This was touched on in recent discussion on dev list:
and then more recently on the user list:
Lucene's "point in time" searching currently relies on how the
underlying storage handles deletion files that are held open for
This is highly variable across filesystems. For example, UNIX-like
filesystems usually do "close on last delete", and Windows filesystem
typically refuses to delete a file open for reading (so Lucene retries
later). But NFS just removes the file out from under the reader, and
for that reason "point in time" searching doesn't work on NFS
With the lockless commits changes (
LUCENE-701 ), it's quite simple to
re-implement "point in time searching" so as to not rely on filesystem
semantics: we can just keep more than the last segments_N file (as
well as all files they reference).
This is also in keeping with the design goal of "rely on as little as
possible from the filesystem". EG with lockless we no longer re-use
filenames (don't rely on filesystem cache being coherent) and we no
longer use file renaming (because on Windows it can fails). This
would be another step of not relying on semantics of "deleting open
files". The less we require from filesystem the more portable Lucene
Where it gets interesting is what "policy" we would then use for
removing segments_N files. The policy now is "remove all but the last
one". I think we would keep this policy as the default. Then you
could imagine other policies:
- Keep past N day's worth
- Keep the last N
- Keep only those in active use by a reader somewhere (note: tricky
how to reliably figure this out when readers have crashed, etc.)
- Keep those "marked" as rollback points by some transaction, or
marked explicitly as a "snaphshot".
- Or, roll your own: the "policy" would be an interface or abstract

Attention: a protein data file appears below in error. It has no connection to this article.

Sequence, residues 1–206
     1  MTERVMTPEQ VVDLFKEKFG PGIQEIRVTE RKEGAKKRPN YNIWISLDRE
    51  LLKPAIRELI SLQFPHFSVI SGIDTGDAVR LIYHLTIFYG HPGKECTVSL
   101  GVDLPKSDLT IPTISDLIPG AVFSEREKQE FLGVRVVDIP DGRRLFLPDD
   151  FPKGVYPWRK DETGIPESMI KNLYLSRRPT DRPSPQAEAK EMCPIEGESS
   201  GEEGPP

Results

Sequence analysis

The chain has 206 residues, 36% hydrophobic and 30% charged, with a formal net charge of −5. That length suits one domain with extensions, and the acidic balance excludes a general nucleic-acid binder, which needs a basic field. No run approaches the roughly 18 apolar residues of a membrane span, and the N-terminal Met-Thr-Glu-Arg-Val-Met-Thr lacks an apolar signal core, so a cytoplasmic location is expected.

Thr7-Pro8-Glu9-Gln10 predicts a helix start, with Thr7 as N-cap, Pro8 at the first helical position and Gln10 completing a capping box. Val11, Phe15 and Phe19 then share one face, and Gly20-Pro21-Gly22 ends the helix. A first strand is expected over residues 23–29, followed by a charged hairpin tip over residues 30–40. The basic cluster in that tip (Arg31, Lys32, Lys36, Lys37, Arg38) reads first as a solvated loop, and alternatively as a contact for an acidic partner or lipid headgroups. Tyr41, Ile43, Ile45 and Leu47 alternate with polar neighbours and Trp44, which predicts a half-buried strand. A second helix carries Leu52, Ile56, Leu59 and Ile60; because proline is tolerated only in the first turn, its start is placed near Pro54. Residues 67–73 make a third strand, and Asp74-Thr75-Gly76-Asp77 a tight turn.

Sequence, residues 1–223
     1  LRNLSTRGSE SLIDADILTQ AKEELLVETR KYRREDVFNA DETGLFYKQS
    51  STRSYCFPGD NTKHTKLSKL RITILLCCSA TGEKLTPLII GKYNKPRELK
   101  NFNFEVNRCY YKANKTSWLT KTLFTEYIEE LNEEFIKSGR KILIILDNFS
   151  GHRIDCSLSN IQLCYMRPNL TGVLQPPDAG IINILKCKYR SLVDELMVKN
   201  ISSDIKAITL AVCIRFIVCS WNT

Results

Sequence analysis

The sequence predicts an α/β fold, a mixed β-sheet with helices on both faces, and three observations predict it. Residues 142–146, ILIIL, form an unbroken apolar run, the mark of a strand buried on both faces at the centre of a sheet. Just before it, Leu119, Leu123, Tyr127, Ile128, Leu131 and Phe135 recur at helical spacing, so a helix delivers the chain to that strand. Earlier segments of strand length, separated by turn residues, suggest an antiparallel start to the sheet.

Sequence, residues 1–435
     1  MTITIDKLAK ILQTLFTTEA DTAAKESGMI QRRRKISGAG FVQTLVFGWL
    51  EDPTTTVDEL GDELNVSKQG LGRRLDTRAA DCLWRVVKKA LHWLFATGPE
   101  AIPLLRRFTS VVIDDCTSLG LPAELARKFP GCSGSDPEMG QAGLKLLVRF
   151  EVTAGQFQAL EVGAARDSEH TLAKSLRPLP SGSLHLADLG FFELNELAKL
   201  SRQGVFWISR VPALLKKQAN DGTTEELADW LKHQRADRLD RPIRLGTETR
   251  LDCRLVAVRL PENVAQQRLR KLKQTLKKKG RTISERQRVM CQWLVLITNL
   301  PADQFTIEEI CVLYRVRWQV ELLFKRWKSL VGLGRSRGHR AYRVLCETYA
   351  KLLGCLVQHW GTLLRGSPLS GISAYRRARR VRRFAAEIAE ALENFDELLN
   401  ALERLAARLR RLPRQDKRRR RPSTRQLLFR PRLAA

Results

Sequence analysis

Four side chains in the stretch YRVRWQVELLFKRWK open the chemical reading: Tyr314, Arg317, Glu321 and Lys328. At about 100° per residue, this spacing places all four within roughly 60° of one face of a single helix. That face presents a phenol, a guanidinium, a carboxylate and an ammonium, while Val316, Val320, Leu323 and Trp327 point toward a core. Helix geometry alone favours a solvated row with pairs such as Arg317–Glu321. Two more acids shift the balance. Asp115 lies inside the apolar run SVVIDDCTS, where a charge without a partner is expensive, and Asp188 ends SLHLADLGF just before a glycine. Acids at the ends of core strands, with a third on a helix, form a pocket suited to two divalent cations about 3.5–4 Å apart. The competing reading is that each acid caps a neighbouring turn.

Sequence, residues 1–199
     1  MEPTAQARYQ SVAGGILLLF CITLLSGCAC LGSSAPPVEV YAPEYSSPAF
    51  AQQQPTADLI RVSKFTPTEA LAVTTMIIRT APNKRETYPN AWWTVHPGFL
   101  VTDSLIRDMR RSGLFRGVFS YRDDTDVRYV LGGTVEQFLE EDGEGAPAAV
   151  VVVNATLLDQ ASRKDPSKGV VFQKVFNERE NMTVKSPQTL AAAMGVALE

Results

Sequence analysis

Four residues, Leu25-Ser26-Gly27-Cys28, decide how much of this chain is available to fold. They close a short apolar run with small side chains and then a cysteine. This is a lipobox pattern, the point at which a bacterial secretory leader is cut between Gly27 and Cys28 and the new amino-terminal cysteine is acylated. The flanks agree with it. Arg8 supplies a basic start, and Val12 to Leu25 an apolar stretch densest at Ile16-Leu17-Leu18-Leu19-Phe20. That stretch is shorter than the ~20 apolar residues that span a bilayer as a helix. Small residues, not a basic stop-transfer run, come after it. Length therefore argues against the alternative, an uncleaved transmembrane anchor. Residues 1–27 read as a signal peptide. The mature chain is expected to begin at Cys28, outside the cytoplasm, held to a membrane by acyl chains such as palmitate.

class and you could make your own implementation.
I think for this issue we could just create the framework
(interface/abstract class for "policy" and invoke it from
IndexFileDeleter) and then implement the current policy (delete all
but most recent segments_N) as the default policy.
In separate issue(s) we could then create the above more interesting
I think there are some important advantages to doing this:
- "Point in time" searching would work on NFS (it doesn't now
because NFS doesn't do "delete on last close"; see
and any other Directory implementations that don't work
- Transactional semantics become a possibility: you can set a
snapshot, do a bunch of stuff to your index, and then rollback to
the snapshot at a later time.
- If a reader crashes or machine gets rebooted, etc, it could choose
to re-open the snapshot it had previously been using, whereas now
the reader must always switch to the last commit point.
- Searchers could search the same snapshot for follow-on actions.
Meaning, user does search, then next page, drill down (Solr),
drill up, etc. These are each separate trips to the server and if
searcher has been re-opened, user can get inconsistent results (=
lost trust). But with, one series of search interactions could
explicitly stay on the snapshot it had started with.